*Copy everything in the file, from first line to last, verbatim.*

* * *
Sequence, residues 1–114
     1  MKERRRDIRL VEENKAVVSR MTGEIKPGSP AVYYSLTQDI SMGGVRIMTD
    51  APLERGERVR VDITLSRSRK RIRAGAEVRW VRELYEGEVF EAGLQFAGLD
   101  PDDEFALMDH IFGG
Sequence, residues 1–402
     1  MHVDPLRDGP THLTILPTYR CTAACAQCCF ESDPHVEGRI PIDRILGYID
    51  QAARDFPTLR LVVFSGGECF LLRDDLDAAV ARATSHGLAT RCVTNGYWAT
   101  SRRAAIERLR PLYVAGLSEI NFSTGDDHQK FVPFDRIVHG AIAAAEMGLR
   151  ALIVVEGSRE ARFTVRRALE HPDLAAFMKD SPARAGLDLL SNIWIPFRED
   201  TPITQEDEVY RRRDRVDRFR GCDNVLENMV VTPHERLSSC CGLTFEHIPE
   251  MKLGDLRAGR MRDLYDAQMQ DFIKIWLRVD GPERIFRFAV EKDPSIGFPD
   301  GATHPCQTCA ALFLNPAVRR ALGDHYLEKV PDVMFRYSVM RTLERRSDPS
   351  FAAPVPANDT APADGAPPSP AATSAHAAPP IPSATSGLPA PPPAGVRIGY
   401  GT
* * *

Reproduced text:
Sequence, residues 1–114
     1  MKERRRDIRL VEENKAVVSR MTGEIKPGSP AVYYSLTQDI SMGGVRIMTD
    51  APLERGERVR VDITLSRSRK RIRAGAEVRW VRELYEGEVF EAGLQFAGLD
   101  PDDEFALMDH IFGG
Sequence, residues 1–402
     1  MHVDPLRDGP THLTILPTYR CTAACAQCCF ESDPHVEGRI PIDRILGYID
    51  QAARDFPTLR LVVFSGGECF LLRDDLDAAV ARATSHGLAT RCVTNGYWAT
   101  SRRAAIERLR PLYVAGLSEI NFSTGDDHQK FVPFDRIVHG AIAAAEMGLR
   151  ALIVVEGSRE ARFTVRRALE HPDLAAFMKD SPARAGLDLL SNIWIPFRED
   201  TPITQEDEVY RRRDRVDRFR GCDNVLENMV VTPHERLSSC CGLTFEHIPE
   251  MKLGDLRAGR MRDLYDAQMQ DFIKIWLRVD GPERIFRFAV EKDPSIGFPD
   301  GATHPCQTCA ALFLNPAVRR ALGDHYLEKV PDVMFRYSVM RTLERRSDPS
   351  FAAPVPANDT APADGAPPSP AATSAHAAPP IPSATSGLPA PPPAGVRIGY
   401  GT